- By Robbie GramerRobbie Gramer is a staff writer at Foreign Policy. He writes for The Cable, FP’s real-time take on all things, well, foreign policy. Before he joined FP in 2016, he used to think in a tank, managing the NATO portfolio at the Atlantic Council for three years. He’s a graduate of American University’s School of International Service, where he studied international relations and European affairs. He has lived in both Washington and Brussels, though he grew up in Idaho and Oregon, so he’s a West Coaster at heart. When he’s not busy reporting, he’s probably busy starting three new books before he has finished the last one or planning a trip to a national park he hasn’t visited yet.
It’s not your run-of-the-mill diplomatic snafu. The Macedonian government is furious at Rep. Dana Rohrabacher (R-Calif.) for saying Macedonia is not a country, when it is in fact a country.
“This is gonna make everybody mad at me but, uh, what the heck. Macedonia is not a country. I’m sorry, it’s not a country,” Rohrabacher said in an interview with Albanian television station Vizion Plus aired Tuesday. Rohrabacher chairs the House Foreign Affairs subcommittee on Europe, Eurasia, and Emerging Threats.
He went on to clarify that Kosovars and Albanians living in Macedonia “should be a part of Kosovo” and the rest of Macedonia “should be part of Bulgaria or any other country to which they are related.”
His comments came up during a conversation on how to resolve lingering border disputes and ethnic tensions in the Western Balkans.
When asked if Trump would back his claims, Rohrabacher said he “had influence” on policymakers and would hold committee hearings “in the coming months.”
The small Balkan country sharply rebuked the Congressman, saying in a statement his comments “generated immense anxiety” and “inflame nationalist rhetoric in the neighboring regions, taking us back into the past.” Macedonia gained independence in 1991 during Yugoslavia’s breakup, which precipitated almost a decade of bloody and ethnic-based wars.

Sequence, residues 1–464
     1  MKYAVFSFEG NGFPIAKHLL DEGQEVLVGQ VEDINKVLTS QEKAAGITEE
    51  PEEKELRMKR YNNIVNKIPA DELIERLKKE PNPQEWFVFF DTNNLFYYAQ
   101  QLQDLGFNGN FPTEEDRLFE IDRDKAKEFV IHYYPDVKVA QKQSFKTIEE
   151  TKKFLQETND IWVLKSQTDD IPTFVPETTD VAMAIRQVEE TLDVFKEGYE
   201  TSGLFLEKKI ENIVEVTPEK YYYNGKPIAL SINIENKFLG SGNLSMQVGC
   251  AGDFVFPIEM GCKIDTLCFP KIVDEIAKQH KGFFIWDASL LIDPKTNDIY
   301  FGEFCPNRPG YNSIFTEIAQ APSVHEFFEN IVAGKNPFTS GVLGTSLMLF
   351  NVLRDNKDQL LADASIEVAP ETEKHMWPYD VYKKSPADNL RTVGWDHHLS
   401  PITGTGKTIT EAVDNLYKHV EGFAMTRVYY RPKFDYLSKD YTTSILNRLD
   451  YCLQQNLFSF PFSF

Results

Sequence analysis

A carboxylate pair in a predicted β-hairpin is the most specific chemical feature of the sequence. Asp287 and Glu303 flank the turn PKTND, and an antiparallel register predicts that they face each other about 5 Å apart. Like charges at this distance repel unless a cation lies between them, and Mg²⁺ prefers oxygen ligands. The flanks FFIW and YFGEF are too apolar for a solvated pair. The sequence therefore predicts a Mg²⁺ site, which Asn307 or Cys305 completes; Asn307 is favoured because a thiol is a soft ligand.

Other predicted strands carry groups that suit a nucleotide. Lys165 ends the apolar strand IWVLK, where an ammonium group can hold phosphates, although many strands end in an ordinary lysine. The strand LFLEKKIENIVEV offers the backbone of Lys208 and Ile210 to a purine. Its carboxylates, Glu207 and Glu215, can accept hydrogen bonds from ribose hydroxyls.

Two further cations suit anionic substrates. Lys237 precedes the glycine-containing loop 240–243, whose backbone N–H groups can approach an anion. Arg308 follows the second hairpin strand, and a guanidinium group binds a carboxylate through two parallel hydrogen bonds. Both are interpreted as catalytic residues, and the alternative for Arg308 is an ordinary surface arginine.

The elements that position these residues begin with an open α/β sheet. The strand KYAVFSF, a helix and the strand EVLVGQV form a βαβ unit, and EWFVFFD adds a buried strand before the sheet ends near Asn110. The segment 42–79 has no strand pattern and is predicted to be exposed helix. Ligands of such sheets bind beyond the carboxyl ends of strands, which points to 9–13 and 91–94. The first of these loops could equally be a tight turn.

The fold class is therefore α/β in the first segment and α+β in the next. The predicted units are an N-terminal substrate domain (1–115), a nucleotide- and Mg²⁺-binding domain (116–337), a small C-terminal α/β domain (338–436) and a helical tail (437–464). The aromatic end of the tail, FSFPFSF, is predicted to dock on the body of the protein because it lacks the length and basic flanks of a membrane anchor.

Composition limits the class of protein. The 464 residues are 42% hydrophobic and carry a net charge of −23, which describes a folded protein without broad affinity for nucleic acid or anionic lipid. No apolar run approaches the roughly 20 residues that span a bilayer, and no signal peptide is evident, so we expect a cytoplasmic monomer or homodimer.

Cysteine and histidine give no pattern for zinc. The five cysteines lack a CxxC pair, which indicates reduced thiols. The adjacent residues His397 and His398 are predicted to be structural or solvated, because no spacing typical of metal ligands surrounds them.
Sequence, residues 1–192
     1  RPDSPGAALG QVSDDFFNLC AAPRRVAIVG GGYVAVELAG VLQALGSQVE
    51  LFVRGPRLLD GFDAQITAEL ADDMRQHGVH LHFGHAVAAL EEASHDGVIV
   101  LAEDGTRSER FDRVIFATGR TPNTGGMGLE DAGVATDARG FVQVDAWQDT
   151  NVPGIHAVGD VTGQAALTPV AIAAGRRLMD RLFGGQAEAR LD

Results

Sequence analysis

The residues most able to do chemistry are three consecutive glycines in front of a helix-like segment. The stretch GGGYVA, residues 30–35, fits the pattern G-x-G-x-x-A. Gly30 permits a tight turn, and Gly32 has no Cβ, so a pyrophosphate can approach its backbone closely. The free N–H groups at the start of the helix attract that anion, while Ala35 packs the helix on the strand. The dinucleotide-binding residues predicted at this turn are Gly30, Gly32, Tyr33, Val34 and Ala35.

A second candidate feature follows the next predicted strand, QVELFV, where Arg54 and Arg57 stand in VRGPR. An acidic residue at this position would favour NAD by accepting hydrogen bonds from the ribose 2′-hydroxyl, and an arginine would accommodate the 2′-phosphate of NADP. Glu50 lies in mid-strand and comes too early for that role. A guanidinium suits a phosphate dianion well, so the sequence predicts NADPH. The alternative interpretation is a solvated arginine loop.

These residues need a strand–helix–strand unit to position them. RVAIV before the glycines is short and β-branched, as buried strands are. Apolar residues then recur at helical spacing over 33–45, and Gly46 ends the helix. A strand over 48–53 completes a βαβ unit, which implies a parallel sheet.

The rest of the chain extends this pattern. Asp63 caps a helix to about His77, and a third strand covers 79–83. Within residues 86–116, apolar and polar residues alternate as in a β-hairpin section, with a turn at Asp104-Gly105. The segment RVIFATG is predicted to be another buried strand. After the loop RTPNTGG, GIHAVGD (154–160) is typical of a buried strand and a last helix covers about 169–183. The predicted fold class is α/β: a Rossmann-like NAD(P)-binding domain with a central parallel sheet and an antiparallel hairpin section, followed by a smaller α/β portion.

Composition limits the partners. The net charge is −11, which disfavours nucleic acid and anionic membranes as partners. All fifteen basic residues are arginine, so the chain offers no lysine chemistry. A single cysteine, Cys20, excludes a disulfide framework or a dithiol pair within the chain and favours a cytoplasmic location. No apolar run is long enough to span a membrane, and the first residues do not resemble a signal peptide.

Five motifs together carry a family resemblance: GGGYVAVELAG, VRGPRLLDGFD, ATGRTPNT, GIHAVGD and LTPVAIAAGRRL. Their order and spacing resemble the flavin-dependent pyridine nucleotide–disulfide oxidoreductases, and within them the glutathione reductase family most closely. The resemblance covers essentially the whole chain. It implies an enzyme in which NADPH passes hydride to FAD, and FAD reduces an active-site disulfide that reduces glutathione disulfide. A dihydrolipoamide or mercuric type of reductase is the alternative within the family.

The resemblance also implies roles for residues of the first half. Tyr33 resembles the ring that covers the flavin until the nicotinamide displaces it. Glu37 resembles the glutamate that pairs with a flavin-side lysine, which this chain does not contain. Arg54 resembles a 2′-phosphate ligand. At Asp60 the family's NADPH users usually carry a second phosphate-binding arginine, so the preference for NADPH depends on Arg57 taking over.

“We believe that the U.S. State Department will adequately remove any doubt about the stated positions and will affirm its policy towards Macedonia and the Balkans,” the statement added.
“Regarding U.S. policy, we recognize and support the sovereignty and territorial integrity of the Republic of Macedonia,” a State Department spokesperson told Foreign Policy, though the spokesperson declined to comment specifically on Rohrabacher’s remarks. The Congressman’s office also declined to comment.
Rohrabacher’s controversial Macedonia comments come a week after he sent a letter to the Serbian president urging Serbia and Kosovo to redraw their borders to end an ongoing sovereignty dispute between the two countries, which also drew criticism from Balkan leaders.
Though it’s been independent for over two decades, Macedonia is still locked in a political dispute with Greece over its formal name that has slowed its chances of joining Euro-Atlantic institutions including NATO and the European Union. It’s settled on the provisional if unwieldy “Former Yugoslav Republic of Macedonia.”
Other senior Republican lawmakers have rebuked Rohrabacher, once called “Putin’s favorite Congressman” for his foreign policy stances. Sen. John McCain (R-Ariz.) called Rohrabacher a “lunatic fringe” after he said allegations of Russia’s human rights abuses were “baloney” in December.
But Rohrabacher’s views may gain more traction during President Donald Trump’s decidedly more Russian-friendly administration; he claimed after the election to be on the shortlist for secretary of state.
And as history shows, gratuitously inflaming ethnic and nationalist tensions in the Balkans is one of the best ways to stir up some of those “emerging threats” for Rohrbacher’s panel to look into.
Update: This article was updated with the State Department’s comments and Congressman Rohrbacher’s decline to comment.
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